The idea of hands-on learning is not a new concept – having roots in constructivism, a developmental theory generally attributed to Jean Piaget (source). Constructivist theory proposes that children learn and develop mainly through two ways: accommodation and assimilation.
Accommodation is when one’s own mind adjusts what happens to fit one’s own experiences. It can be understood by the idea that failure leads to learning. When one fails to accomplish a task, the brain can evaluate what went wrong, and work to correct the mistake the next time.
Assimilation is when something outside of a framework, is incorporated into that framework without changing it. As individuals grow, they take new experiences and place them within a framework of other experiences of a similar nature. Think of the Borg-race from “Star Trek: First Contact.”
Hands-on learning puts the tools into the students’ hands (literally) to allow them to make those connections between theory and application.
David A. Kolb (b. 1939), an educational learning theorist, believes that learning is a process by which knowledge is created through experience (paraphrased). He developed a four-stage cycle of learning. Kolb says that one may start at any of the four stages, but each stage must follow in order.
These stages are:
- Concrete Experience
- Reflective Observation
- Abstract Conceptualization
- Active Experimentation
Kolb also identified four learning styles which correspond to these stages; for more information look here.
What does this have to do with hands-on learning?
Hands-on learning is taught through the use of materials. A quote from an article on scholastic.com says this:
As students put projects together, create crafts, or use familiar materials in new ways, they’re constructing meaning. “Kids learn through all their senses,” says Ben Mardell, PhD, a researcher with Project Zero at Harvard University, “and they like to touch and manipulate things.” But more than simply moving materials around, hands-on activities activate kids’ brains.
Kids, adolescents, adults – learners of all ages can benefit from hands-on learning. That same article goes on to say this:
When you combine activities that require movement, talking, and listening, it activates multiple areas of the brain. “The more parts of your brain you use, the more likely you are to retain information,” says Judy Dodge, author of 25 Quick Formative Assessments for a Differentiated Classroom (Scholastic, 2009). “If you’re only listening, you’re only activating one part of the brain,” she says, “but if you’re drawing and explaining to a peer, then you’re making connections in the brain.”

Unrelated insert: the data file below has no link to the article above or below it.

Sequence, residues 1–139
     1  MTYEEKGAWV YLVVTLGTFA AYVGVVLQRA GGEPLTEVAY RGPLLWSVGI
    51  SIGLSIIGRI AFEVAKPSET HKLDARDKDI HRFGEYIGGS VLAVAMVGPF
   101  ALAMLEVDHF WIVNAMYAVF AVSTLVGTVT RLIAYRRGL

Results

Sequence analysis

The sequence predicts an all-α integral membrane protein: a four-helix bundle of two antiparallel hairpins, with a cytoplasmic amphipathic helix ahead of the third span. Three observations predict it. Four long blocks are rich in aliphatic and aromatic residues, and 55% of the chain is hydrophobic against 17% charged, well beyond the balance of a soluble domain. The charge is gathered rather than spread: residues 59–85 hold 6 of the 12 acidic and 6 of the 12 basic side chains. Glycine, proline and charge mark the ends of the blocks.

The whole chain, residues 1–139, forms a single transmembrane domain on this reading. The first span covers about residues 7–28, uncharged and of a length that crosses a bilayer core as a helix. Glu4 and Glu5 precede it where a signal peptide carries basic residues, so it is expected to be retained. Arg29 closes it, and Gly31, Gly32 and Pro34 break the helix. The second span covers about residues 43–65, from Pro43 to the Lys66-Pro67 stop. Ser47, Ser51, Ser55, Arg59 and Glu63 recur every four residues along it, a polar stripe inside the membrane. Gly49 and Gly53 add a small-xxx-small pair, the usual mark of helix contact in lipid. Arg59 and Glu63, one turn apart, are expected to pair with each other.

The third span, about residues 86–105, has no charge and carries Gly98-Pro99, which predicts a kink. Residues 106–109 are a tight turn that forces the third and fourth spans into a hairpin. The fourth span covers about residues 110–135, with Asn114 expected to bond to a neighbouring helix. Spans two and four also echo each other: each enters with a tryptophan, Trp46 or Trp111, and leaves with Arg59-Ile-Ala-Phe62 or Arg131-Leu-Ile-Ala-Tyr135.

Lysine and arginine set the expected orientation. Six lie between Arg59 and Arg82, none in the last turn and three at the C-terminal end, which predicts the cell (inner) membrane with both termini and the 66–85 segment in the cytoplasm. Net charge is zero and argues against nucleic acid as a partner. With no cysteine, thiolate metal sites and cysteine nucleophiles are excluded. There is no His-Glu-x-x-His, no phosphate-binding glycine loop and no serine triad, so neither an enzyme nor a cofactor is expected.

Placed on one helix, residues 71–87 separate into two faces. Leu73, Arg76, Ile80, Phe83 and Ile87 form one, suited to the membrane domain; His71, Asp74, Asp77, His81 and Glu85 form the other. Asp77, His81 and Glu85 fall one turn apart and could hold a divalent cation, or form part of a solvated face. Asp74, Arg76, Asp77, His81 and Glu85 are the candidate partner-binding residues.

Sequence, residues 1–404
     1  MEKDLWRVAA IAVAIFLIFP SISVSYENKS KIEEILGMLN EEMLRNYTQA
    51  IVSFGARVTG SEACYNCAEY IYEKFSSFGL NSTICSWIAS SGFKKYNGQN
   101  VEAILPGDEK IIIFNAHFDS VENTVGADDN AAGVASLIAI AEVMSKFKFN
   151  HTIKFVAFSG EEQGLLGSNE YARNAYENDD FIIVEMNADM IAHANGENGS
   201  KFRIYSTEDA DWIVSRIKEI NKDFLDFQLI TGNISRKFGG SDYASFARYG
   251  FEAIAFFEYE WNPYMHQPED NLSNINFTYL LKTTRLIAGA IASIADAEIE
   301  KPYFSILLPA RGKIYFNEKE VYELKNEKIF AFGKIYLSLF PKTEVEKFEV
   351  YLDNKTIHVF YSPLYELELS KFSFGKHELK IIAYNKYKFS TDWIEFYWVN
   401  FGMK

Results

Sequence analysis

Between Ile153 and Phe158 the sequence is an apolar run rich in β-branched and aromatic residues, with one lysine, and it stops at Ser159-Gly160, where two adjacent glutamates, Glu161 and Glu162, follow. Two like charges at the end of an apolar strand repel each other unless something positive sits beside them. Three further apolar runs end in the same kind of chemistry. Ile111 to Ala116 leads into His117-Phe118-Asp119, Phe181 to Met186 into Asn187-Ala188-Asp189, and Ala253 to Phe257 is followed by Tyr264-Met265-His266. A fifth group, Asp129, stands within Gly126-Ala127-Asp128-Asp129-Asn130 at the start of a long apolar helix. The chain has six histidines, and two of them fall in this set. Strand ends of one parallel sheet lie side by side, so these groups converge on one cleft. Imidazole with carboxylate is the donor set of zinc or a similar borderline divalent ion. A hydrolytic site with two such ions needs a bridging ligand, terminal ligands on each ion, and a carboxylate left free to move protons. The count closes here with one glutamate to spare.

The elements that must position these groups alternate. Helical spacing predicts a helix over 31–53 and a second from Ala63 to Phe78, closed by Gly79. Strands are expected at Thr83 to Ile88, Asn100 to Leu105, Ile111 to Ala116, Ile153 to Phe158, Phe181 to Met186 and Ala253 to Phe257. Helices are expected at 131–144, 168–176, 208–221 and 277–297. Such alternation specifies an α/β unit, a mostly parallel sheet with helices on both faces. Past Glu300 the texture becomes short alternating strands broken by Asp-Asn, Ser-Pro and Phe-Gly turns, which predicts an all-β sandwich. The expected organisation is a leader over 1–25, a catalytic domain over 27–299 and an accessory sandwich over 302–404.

I could not agree more! I would use materials and object lessons as often as I could when I taught at KPS (Korea Poly School – a private kindergarten and after-school elementary program). I would bring in objects related to that day’s lesson and then ask the students comprehension questions of my own once I finished explaining the lesson. For the most part, the kids could tell me what they learnt and use the target vocabulary, too.
I could definitely tell a difference between how well the students would understand the material on the days I would not use objects and materials (some lesson topics could not use objects as well as others).
The younger the students, the more often materials should be used (when applicable). Children, especially elementary and kindergarten students, have short attention spans; hands-on learning gives them the opportunity to use their senses and also holds their attention for a longer period.
Children are naturally curious and this way of learning takes that curiosity, and turns it into the perfect opportunity for growth! So, if you have the chance to use materials to facilitate hands-on learning in your classroom, take it!